Notes Reading Notes


By Tom McCarthy, 2005

What literary theme more perfectly sums up the zeitgeist of the early 2000s than authenticity? Remainder must be one of the most interesting novels from this time period. Rather than follow the fraught path of ironising irony to the point of earnestness that finds its extreme in stories like Good Old Neon by David Foster Wallace, Remainder works in a satisfyingly subtle and ambiguous way with a narrator who actively rejects and fights against self awareness, all the while planning remarkably intricate and expensive schemes to satisfy his unconscious urges.

The story is of a nameless Londoner who is hit by technological debris falling from the sky. Emerging from a coma with severe head trauma, amnesia and loss of fine motor skills, he has to re-learn all the basic physical and mental activities he previously took for granted. After receiving a £8.5 million accident compensation settlement from the nameless corporation responsible for the MacGuffin that struck him, the narrator finds himself empty and confused with no idea what to do with the money.

The story is told from the first person perspective with the narrator an artless, affectless persona whose intensity is built up through contrasting flat repetition with scenes of detailed descriptive reverie.

His numbness could be a direct consequence of the head injury, but he experiences it as an existential crisis. After the £8.5 million comes through, his very first impulse is to stand outside a tube station with arms outstretched, begging for coins from passers by. This makes him feel so serene and intense that he almost feels real for the first time since waking from his coma.

Later, in the bathroom at a house party of an acquaintance, he sees a crack in the wall that triggers the same sensation, the same feeling of realness, as he recalls the entirety of an experience in an apartment building with a similar shaped crack. He can’t remember where the building was or if he lived there, but he vividly reimagines everything about it and its inhabitants. The rush he feels is so strong and pure that he realises re-creating this memory is how he must spend his money.

From this point, the rest of the novel is spent swirling through the consequences of managing this obsession—finding and renovating a suitably exact building, hiring actors and arranging props and staging re-enactments of the memory over and over again. Each re-enactment gives him the rush of intense serenity he craves, but no matter what he tries, there are tiny details which aren’t right. Inauthenticity quickly takes over.

The relentlessness with which he pursues his obsession is a form of solipsism. The re-enactments are separated from their context by discrete states—the on mode and off mode. The people hired to perform are contracted to remain on-call in the building where he requires them. In the on mode, they must continually repeat the same actions over and over again for as long as he asks them to. Eventually, the narrator acquires miniature architecture models of the building and all the people which deepens his obsession with control and dictation—he starts moving the models around, then instructs the real people to copy these movements almost entirely. His demands come across as callous, bordering on cruelty and only made possible by the excessive sums of money being offered.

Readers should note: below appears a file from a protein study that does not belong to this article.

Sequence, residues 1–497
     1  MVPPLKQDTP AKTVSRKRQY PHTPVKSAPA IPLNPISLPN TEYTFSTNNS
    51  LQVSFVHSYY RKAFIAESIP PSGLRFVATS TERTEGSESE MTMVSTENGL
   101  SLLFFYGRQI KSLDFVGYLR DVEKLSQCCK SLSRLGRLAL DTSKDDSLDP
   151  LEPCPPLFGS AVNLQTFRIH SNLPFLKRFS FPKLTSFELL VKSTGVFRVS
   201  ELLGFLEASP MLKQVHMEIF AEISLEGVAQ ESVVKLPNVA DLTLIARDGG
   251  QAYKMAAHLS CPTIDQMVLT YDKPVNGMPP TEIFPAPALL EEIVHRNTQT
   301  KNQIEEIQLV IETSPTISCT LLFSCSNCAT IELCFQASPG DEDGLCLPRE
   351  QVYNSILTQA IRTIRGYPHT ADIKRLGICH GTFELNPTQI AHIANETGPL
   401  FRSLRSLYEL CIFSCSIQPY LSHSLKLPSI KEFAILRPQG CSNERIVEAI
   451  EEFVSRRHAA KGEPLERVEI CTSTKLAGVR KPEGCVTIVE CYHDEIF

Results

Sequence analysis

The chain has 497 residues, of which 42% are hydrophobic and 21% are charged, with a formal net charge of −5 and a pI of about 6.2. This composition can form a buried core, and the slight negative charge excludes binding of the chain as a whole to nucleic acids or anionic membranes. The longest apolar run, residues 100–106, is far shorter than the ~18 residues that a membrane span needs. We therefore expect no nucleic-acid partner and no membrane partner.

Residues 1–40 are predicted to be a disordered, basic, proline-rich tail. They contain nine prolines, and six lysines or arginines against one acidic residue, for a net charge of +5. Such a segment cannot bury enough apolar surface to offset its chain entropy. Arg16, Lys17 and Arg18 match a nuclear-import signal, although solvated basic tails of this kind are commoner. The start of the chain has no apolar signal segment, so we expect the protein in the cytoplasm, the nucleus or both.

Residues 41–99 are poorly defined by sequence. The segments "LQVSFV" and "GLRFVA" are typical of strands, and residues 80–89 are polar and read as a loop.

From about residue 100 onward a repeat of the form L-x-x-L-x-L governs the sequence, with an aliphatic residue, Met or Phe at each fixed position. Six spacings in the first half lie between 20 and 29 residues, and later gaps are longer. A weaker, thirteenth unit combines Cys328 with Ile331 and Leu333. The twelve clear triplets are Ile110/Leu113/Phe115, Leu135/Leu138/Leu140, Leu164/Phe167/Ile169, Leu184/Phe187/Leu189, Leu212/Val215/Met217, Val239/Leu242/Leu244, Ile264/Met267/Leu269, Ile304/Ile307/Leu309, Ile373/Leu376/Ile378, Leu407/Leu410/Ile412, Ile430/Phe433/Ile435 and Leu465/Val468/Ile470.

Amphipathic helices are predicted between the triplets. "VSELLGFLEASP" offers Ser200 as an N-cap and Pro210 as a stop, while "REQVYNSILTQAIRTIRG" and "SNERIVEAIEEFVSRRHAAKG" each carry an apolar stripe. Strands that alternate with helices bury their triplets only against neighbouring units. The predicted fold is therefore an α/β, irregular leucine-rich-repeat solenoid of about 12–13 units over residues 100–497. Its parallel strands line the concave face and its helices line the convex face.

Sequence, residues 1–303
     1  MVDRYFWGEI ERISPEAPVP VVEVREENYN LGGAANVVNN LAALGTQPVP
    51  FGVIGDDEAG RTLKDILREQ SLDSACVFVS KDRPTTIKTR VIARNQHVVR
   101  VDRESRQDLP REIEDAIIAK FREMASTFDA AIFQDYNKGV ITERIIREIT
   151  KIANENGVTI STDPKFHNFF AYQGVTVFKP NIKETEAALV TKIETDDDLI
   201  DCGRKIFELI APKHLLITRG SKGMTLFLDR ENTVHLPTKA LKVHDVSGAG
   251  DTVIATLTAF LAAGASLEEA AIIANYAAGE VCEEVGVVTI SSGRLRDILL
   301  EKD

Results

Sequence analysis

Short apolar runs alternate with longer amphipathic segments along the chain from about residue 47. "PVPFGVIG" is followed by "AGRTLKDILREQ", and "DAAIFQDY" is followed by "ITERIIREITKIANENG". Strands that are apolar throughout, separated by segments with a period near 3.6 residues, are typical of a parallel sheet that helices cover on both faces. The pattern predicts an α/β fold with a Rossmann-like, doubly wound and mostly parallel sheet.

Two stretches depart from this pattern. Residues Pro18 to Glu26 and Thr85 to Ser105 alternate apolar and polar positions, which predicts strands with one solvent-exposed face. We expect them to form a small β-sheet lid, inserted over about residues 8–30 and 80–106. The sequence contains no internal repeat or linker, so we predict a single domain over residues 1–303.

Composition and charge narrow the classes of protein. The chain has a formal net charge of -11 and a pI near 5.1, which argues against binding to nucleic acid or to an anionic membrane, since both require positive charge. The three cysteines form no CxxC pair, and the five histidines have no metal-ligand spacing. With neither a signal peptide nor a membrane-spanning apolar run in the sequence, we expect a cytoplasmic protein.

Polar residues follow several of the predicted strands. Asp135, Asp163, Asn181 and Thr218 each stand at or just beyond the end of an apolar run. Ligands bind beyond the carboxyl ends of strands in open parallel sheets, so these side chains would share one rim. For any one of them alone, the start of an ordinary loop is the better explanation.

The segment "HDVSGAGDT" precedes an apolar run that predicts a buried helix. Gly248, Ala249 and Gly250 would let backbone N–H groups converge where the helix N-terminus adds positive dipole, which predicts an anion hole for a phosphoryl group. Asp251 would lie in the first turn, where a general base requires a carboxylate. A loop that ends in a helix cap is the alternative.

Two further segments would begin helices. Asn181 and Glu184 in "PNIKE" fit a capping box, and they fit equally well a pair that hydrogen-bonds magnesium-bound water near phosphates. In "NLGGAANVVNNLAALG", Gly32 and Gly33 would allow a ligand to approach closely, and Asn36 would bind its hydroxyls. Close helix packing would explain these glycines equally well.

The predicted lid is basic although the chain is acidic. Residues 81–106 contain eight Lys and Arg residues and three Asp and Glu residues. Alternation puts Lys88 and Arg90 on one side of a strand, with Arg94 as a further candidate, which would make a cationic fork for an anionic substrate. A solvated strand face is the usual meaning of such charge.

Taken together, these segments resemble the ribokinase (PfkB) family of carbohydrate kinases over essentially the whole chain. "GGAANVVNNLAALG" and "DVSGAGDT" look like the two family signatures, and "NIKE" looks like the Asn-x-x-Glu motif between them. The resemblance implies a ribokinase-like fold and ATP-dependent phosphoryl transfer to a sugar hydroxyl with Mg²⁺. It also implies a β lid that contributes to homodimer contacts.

As the obsession grows, he starts to expand the re-enactments towards violence, requiring ever more complex logistics and machinations involving bribing the local council and police.

Obviously, the only way this can end is through the spectacular tragedy of the re-enactments becoming real. This is telegraphed from a long way off and builds through increasingly broken and disordered scenes, reflecting the disordered thinking and mental breakdown of the narrator as he closes in on the final realisation of his project—a realisation he didn’t know he was working towards.

This third act is probably the most polarising part of the novel. With such a subtle and philosophically interesting premise to work from, it’s arguable that the theme is let down by this transgressive, violent, action-packed rampage as a conclusion, almost to the point of the work shedding its skin as a novel of ideas.

There is a single significant moment which brings the whole thing together effectively. As the carnage breaks out and the re-enactors realise what’s happening, one cries out: “It’s real!” For the narrator, this line is the most perfect thing he could possibly hear. Utterly disconnected and unable to empathise with the terror and emotional chaos of the situation, he lapses into a lucid trance where everything seems beautiful.

The final scene aboard a private jet, turning then counter-turning, looping in the shape of the ∞ symbol, finally realises the subliminal desire hinted at throughout the novel: to find reality in the moment of the present, a stasis suspended between past and future.


The whole thing could be interpreted as a dark joke about the fraught and frustrating process of writing and editing fiction. Given that the story is based on a series of semi-successful attempts to metastasise a temporary reality from an aesthetic desire by building models, repeatedly moving actors around and adjusting settings to evoke the exact right sensations, it could be read as a parody of a writer’s obsession with control. I found this thought bleakly funny.